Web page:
Available on github: https://github.com/DandrewsDev/lnkd
Link shortening has been around for almost as long as lengthy URLs. There are a number of big names in the space offering both free and paid services for creating a short URL that redirects to a much longer one.
I recently went looking for options to make some custom named short URLs for a handful of projects I've been working on. For instance, in a recent blog post I discussed a dashboard of analytics for a CS:GO hub. https://dandrews.net/mmd/
In that article I link out to the dashboard. But that link is far too long to remember and I need to go and look it up every time I want to share it. After a few hours of looking through the most popular link shorteners both free and premium, I found that none really fit what I was looking for.
A number of these have very powerful suites of analytics. Telling you way more about who was using your link than I ever wanted. By using one of these links I'd basically be signing up everyone I gave it to, to have their data collected by some large tech company. I wanted more control of what data was, or more importantly wasn't collected using a simple link. So I turned to self hosted options. And there are a few popular ones out there. I tried out 2 of the highest rated ones I found, and both mostly did the job. They each have their own quirks for setup or usage but would have done everything I needed. But in the hours I spent working with these, in both setup and configuration I kept thinking it would almost be faster to make my own. Spoiler alert, it was not faster.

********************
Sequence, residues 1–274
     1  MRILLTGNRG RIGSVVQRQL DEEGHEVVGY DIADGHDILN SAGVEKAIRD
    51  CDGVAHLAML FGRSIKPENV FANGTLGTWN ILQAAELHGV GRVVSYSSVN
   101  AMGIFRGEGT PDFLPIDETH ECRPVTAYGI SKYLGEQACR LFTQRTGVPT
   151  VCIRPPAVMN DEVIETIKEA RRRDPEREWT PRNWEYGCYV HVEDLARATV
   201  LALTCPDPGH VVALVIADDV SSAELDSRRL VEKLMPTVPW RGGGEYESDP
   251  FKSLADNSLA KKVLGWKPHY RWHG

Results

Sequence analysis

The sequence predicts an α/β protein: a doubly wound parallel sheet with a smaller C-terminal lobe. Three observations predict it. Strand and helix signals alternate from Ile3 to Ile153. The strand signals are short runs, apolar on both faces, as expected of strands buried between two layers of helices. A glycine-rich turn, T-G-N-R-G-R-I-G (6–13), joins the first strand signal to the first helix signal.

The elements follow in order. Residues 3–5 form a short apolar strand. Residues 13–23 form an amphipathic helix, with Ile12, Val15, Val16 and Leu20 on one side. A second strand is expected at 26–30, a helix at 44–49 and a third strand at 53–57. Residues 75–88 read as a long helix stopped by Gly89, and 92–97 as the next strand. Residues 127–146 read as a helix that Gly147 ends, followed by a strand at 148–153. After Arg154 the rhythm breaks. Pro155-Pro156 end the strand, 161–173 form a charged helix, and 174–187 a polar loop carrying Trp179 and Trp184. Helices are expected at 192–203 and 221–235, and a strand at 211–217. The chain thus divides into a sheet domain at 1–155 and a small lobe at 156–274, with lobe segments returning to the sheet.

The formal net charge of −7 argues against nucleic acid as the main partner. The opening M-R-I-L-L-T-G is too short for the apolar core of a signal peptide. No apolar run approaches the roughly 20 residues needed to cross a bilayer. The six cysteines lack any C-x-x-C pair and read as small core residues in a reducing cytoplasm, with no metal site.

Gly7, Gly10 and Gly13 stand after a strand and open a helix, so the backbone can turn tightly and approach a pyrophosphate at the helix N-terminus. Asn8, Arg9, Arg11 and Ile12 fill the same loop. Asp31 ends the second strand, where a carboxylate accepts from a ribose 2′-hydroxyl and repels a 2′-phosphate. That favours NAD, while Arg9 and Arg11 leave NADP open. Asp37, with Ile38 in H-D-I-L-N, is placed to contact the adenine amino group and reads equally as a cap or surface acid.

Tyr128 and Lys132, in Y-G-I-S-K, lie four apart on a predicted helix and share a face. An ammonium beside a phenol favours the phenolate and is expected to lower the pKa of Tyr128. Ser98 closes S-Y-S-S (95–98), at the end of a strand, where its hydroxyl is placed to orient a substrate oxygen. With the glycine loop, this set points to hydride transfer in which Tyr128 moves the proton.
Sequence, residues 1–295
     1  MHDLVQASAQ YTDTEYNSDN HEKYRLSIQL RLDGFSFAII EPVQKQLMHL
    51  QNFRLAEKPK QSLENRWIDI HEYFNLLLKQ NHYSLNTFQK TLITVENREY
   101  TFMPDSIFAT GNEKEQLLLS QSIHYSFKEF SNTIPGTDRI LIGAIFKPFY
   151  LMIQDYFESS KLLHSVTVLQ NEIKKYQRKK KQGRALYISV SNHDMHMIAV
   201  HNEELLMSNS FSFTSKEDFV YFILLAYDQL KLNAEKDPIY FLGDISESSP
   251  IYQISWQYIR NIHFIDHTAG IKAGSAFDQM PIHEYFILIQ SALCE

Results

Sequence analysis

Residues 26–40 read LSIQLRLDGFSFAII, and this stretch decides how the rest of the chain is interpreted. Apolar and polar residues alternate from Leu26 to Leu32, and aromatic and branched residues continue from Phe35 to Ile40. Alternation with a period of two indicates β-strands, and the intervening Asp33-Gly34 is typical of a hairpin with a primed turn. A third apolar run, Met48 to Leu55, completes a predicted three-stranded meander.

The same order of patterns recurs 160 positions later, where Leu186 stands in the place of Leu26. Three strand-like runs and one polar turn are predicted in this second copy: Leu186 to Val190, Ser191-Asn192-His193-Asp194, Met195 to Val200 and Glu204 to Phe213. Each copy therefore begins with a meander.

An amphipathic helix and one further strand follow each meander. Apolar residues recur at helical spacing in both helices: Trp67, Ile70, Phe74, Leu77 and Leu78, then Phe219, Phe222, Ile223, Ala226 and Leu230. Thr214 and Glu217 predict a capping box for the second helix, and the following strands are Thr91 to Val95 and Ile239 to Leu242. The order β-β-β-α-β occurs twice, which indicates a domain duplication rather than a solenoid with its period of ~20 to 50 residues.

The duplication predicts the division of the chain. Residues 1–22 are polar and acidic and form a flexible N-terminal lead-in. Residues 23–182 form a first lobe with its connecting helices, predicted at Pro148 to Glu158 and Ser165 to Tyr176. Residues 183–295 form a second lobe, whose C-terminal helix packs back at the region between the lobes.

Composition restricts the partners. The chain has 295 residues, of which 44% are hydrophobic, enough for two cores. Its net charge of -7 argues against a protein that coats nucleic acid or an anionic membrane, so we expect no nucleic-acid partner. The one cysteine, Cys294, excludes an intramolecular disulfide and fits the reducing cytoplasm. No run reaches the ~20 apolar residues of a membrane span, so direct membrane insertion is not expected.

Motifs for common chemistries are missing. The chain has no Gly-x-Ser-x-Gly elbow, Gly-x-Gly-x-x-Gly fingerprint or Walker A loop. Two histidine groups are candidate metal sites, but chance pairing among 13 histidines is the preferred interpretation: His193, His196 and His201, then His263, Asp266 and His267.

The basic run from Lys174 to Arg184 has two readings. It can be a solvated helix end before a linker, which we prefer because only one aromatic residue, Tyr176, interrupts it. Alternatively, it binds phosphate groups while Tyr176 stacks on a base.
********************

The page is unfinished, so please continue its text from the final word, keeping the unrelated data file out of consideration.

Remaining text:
Enter LNKD or linked. A new open source URL shortener. Super simple to get setup in a self-hosted environment. Getting started is as easy as a single command given you already have docker up and running. Every running instance of LNKD has two modes, a totally open link shortener that creates randomly generated URLs. Ex: https://lnkds.me/Bl2IgRu1
And a second mode for logged-in users that allows the creation of named or vanity URLs. Ex: https://lnkds.me/git
In both instances the LNKD service will redirect users to the saved long URL. And both capture the exact same data about the user... none. The only analytics supported is a hit count, a running tally of how many times a link has been used.
While I won't go into every technical detail here (check it out on github if you're interested). I did want to mention a few pieces of info on the project and its construction. LNKD is API first, literally I built the API first. The front end does everything through the API. Which means it can be used by scripts, programs, build processes or any other tool which can be extended to use its API. And lastly, the frontend is built using Svelte. This was a totally new JS framework for me, and I learned a lot in the few days it took to get this project up and running. A lot of the projects I talk about on this blog use VueJS a framework I like very much. And it certainly would have been faster for me to have used Vue here. But I wanted to take the opportunity to learn something new. It was a lot of fun, and Im proud to see this project go live. It may never get 5% the traction or usage of the other projects out there but I'd still think it was worth the time even if just for my own personal projects.